January 5, 2012

Meet the Gear :: Sandde

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In this installment of Meet the Gear we bring you Sandde, a freehand stereo 3D animation software that allows you to ‘draw in space’. Justin Alm chats with Director/Animator Munroe Ferguson, an expert in Sandde who led a Masterclass at Emily Carr in the Spring to find out how it works.

Let’s start with the basics, what is Sandde?

Sandde stands for Stereoscopic Animation Drawing Device so there’s two ‘d’s and one ‘e’ – a lot of people misspell the name. Essentially, instead of drawing on a two dimensional surface, like on a piece of paper, we draw in three dimensional space. SANDDE is also an animation tool, as it has some motion capabilities. 

How long have people been using Sandde?

People have been using the software for about 10 years. Currently, it is more available for students. As it is a Canadian invention, the first place you’ll find Sandde is Canadian institutions.

Who would use Sandde?

People who use Sandde are between the practices of drawing and sculpture. They want a different look than what you get using computer graphics in Maya or Softimage. Those programs use math but Sandde is closer to drawing. Drawn animation was often referred to as 2 dimensional until Sandde. Now people are baffled because we’re doing something between 2 and 3D. If you drawn something computer generated, there is a perfected quality that seems cold. When you see something drawn with Sandde, the imperfections make the image look more like a drawing.

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GRAND Research Associate Steve Oldridge working with Sandde

So Sandde doesn’t produce perfect-polished images?

While other computer programs are more about producing shapes and surfaces, Sandde is more about lines – edges of things. For example, if I want to draw a face, I can produce the image with 4 lines but in CG you’d have to spend more time working on producing surfaces, forcing imperfections, to get things looking natural. With those 4 lines in Sandde, we get down to the essence of cartooning. If you draw a circle with a line and 2 dots and show it to a new born baby, the child will smile at the image. We are hard-wired to take minimal amounts of information and interpret this info as a face or any other kind of image.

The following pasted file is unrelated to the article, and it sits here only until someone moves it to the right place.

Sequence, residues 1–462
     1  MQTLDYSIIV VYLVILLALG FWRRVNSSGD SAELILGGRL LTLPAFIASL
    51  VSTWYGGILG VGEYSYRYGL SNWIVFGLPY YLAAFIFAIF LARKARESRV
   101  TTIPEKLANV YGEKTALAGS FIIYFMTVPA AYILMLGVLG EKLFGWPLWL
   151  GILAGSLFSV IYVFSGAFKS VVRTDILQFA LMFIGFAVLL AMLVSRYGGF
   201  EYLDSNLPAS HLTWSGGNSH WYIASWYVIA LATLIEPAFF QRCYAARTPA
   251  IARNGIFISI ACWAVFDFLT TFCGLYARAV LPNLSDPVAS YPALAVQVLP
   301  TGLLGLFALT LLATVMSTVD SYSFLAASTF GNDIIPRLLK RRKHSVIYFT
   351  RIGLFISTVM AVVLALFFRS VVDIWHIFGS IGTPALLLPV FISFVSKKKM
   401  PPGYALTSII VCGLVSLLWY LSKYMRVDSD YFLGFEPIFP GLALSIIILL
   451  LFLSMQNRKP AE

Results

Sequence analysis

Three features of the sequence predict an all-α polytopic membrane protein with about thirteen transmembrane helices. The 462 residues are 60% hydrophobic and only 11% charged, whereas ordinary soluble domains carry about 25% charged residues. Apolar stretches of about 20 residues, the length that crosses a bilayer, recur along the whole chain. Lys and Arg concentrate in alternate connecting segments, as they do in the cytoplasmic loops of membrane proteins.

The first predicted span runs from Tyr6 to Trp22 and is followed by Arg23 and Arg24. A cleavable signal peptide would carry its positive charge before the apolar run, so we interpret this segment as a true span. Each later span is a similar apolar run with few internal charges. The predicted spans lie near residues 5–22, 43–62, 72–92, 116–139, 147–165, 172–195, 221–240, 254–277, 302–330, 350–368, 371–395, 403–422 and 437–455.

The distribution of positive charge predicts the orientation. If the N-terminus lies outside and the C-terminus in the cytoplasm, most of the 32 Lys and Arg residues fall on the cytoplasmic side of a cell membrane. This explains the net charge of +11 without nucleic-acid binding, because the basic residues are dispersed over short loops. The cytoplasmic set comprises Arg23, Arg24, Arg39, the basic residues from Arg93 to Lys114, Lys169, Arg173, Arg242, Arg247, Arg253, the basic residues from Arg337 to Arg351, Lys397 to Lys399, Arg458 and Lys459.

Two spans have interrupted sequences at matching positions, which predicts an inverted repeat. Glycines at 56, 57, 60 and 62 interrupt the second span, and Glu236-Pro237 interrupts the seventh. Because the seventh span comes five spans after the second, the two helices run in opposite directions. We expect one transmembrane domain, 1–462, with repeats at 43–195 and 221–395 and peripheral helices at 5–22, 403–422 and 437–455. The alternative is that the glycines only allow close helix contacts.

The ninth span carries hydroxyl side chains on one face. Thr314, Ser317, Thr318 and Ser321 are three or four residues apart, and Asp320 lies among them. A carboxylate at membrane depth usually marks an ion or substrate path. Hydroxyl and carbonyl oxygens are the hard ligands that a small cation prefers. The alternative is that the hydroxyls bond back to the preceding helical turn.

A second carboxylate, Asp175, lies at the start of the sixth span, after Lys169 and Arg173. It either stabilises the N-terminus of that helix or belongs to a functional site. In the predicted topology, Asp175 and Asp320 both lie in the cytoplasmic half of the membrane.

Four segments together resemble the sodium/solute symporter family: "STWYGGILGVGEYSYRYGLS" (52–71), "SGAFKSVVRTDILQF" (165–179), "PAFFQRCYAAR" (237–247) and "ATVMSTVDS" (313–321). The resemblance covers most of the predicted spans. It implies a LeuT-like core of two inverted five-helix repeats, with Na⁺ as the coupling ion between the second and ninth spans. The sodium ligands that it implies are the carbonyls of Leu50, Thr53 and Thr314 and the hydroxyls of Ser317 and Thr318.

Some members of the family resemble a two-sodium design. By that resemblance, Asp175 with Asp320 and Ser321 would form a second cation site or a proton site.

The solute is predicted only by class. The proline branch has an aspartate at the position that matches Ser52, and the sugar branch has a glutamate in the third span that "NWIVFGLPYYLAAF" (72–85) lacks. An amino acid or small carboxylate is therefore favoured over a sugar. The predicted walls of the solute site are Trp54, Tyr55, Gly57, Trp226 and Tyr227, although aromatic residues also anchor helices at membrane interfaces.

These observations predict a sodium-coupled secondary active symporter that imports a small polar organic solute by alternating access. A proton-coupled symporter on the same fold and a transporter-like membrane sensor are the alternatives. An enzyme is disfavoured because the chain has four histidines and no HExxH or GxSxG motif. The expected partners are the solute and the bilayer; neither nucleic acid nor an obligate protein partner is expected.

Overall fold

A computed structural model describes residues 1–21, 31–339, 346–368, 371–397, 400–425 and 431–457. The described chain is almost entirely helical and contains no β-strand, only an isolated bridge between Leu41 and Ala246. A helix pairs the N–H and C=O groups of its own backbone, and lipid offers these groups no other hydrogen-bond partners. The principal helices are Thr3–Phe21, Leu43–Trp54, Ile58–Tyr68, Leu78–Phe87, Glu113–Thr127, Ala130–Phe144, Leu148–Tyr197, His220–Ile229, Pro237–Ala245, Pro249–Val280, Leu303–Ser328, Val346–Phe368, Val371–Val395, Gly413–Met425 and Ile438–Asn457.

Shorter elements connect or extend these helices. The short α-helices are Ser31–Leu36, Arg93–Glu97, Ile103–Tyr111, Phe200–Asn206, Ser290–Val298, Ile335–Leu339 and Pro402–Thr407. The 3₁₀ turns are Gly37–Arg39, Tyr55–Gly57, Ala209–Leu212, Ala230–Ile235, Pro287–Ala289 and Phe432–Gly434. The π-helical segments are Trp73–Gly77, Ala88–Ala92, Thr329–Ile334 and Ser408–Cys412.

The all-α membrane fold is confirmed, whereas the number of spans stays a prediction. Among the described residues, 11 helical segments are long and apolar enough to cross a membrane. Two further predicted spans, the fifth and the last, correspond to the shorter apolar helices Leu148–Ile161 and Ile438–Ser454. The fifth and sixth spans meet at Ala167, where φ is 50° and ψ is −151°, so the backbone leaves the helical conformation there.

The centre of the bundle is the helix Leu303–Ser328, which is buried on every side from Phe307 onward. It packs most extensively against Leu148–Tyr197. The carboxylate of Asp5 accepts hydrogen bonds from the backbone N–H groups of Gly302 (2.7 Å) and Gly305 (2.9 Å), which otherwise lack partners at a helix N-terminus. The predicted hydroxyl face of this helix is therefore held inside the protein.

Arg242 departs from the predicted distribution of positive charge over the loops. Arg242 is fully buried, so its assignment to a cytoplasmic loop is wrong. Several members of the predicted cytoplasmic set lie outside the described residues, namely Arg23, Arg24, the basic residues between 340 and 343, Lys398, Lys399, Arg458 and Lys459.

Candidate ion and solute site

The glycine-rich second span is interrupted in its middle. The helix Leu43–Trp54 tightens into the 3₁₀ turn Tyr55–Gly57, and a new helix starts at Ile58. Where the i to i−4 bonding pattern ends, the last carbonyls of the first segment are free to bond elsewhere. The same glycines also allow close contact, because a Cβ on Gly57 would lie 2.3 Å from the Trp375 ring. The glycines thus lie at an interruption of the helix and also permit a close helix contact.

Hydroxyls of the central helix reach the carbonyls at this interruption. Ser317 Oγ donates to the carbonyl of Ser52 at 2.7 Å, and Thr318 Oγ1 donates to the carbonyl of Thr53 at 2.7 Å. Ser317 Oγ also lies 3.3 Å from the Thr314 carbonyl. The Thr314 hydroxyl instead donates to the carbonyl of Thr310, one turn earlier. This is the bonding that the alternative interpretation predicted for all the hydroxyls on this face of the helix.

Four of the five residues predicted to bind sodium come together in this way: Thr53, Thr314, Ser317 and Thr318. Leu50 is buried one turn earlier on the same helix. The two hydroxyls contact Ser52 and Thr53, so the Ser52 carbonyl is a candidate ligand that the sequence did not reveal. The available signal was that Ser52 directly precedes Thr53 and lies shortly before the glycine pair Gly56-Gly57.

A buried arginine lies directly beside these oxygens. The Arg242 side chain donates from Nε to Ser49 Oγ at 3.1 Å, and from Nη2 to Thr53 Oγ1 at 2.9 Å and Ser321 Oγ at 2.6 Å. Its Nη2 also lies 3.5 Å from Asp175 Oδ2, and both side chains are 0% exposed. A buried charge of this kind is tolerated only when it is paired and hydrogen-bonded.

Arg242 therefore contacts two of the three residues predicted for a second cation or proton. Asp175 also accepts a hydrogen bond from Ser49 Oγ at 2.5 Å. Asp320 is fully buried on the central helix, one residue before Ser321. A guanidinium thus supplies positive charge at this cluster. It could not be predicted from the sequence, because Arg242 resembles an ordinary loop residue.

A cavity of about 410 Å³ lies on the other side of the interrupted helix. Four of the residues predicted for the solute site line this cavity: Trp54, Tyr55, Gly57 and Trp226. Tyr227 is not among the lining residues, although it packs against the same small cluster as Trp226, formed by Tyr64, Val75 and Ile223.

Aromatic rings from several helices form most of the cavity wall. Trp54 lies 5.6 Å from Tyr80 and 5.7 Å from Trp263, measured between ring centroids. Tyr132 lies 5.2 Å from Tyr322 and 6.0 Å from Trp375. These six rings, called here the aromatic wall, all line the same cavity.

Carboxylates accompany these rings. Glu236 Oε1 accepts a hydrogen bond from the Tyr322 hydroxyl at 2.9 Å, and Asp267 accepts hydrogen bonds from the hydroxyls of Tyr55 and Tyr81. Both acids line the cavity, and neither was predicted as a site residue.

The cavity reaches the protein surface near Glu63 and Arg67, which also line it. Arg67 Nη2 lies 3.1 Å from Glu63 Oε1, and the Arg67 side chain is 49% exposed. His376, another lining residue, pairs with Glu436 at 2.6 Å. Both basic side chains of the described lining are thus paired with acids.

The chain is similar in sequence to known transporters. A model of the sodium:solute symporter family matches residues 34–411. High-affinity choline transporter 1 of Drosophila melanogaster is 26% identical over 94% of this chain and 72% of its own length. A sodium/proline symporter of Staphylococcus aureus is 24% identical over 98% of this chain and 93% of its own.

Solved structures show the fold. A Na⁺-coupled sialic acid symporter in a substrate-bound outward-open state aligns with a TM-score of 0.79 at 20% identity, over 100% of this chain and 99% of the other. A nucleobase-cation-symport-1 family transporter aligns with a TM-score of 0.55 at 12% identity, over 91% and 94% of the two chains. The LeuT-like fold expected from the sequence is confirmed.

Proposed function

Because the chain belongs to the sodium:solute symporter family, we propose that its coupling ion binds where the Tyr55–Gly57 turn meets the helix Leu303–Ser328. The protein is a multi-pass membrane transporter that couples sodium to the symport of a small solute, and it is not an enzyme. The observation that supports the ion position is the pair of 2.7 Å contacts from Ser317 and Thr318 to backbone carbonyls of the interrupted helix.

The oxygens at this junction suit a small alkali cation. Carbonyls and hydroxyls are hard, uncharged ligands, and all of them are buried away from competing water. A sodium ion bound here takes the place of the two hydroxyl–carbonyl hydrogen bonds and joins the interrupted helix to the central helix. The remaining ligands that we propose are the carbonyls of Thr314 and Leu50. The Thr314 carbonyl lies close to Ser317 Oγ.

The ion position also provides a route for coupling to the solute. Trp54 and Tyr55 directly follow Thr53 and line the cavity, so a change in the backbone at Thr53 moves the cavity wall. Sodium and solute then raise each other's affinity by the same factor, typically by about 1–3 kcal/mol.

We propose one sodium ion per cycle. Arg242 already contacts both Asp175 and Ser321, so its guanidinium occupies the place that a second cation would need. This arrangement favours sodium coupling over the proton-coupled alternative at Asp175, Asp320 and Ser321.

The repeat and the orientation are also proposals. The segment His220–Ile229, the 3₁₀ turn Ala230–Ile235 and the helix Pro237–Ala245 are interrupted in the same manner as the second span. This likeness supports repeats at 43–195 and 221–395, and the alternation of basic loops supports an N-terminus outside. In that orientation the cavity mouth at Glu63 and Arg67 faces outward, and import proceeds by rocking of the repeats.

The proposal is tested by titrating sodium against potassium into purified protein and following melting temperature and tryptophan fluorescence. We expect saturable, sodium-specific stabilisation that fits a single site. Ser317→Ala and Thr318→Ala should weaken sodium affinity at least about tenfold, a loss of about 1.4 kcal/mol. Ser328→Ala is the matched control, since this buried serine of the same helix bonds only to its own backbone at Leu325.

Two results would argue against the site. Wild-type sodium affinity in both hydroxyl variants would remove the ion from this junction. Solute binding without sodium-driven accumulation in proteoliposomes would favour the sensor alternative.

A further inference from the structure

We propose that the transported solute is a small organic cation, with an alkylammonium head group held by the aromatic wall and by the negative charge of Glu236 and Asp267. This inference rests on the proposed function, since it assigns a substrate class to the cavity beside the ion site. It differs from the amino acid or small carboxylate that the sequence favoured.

What are the components of Sandde?

The system is comprised of an input device and the Sandde software. The one being used here at Emily Carr is a cam wand [a device with 4 LEDs you can move around in front of a webcam]. The computer extrapolates where you’re holding the wand in 3 dimensional space, interprets that location, and enables the artist to draw. I have been consulting with graduate students at Emily Carr who want to use the motion capture studio as an input device for Sandde. The motion capture stage enables people to draw with their entire body. Usually, the artist needs an unusual input device because you need something that can draw width, height, and depth.

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GRAND Research Associate Steve Oldridge working with Sandde

Traditionally speaking, drawing requires 2 physical objects to interact with to create an image. With Sandde, you seem to be drawing pictures in the air. How does it feel?

You don’t have the pressure of the page to orient yourself so there’s a period of two weeks when you relearn your eye-hand coordination. If you’re proficient at drawing, it can be disheartening to pick up a wand and move it around and produce drawings like you did in kindergarten. After a couple weeks, you start to realize, you don’t need a surface and you start drawing the way you used to. Your style comes back. I can look at an artist’s portfolio before they use Sandde and know what style they will have. It turns out that style is not dimensionally dependent. Style is inside of you and linked to your personality. Whenever human beings encounter a new tool, we find a new way to look at ourselves.

Can you talk about how Sandde crosses over from research institutions into industry?

Sandde was developed by IMAX and I was one of two animators that made Paint Misbehaving - the first 3D film to screen in IMAX theatres. Since then, we’ve made a few films with Sandde at the National Film Board. I did Falling In Love Again, which was very successful as a 2D film in 2003. At that time, 3D theatres were scarce. Apart from IMAX, there wasn’t a lot of opportunity to see 3D content. Now there is a proliferation of 3D monitors, TVs, gaming consoles, and theatres investing in projection equipment. The Wobble Incident was purchased by Sony and comes with the Playstation. At the moment, the amount of good 3D content is limited so experimental short films are being supported by industry.

So you see Sandde sticking around long-term?

Yes. There’s been a lot of development over the last year. Janro Imaging has invested a lot into improving the system. It’s great that Emily Carr has fostered cooperation between industry and academics. In the Stereoscopic 3D Centre, there is a creative back-and-forth between sectors. Good things will come from Emily Carr playing around with tools and for companies to get feedback from artists who are using their tools. In this environment, artists can influence the development of these tools. Sometimes people think we are helpless in the face of technology. In an R&D situation like the S3D Centre, we can be part of the process of developing tools. Technology isn’t just science; it’s a relationship between art and science.

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